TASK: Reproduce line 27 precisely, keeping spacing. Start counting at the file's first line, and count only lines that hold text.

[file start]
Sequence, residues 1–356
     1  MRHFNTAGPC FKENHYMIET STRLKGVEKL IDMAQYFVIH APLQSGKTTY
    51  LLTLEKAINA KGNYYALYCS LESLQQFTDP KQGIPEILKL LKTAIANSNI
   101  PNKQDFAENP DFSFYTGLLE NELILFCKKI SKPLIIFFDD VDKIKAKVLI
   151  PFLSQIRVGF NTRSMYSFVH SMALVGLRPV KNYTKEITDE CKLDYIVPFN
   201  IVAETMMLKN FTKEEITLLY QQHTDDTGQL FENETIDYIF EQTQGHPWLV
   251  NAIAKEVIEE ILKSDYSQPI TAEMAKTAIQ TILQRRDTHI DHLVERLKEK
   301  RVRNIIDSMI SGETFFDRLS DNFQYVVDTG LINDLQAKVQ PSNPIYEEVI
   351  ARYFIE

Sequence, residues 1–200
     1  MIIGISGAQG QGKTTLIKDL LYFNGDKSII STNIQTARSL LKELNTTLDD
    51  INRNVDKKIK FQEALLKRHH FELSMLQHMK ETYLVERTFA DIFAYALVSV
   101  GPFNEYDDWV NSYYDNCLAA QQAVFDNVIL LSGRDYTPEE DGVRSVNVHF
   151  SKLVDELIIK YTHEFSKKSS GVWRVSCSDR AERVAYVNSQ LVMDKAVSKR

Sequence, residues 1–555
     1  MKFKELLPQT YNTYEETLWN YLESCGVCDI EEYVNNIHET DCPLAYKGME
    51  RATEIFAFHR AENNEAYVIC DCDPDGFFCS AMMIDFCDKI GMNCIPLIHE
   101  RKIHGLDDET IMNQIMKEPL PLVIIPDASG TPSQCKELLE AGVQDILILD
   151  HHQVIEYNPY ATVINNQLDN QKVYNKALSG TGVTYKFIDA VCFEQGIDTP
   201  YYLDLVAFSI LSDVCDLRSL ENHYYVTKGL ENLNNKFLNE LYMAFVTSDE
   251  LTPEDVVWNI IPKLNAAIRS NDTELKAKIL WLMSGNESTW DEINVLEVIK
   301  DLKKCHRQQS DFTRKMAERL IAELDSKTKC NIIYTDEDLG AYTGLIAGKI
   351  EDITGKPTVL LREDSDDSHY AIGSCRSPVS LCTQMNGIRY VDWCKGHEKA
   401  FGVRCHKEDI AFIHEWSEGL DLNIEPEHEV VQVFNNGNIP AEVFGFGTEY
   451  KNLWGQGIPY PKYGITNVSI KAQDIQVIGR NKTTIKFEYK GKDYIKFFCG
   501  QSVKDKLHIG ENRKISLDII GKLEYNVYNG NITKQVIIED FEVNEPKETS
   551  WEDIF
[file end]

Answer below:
   551  WEDIF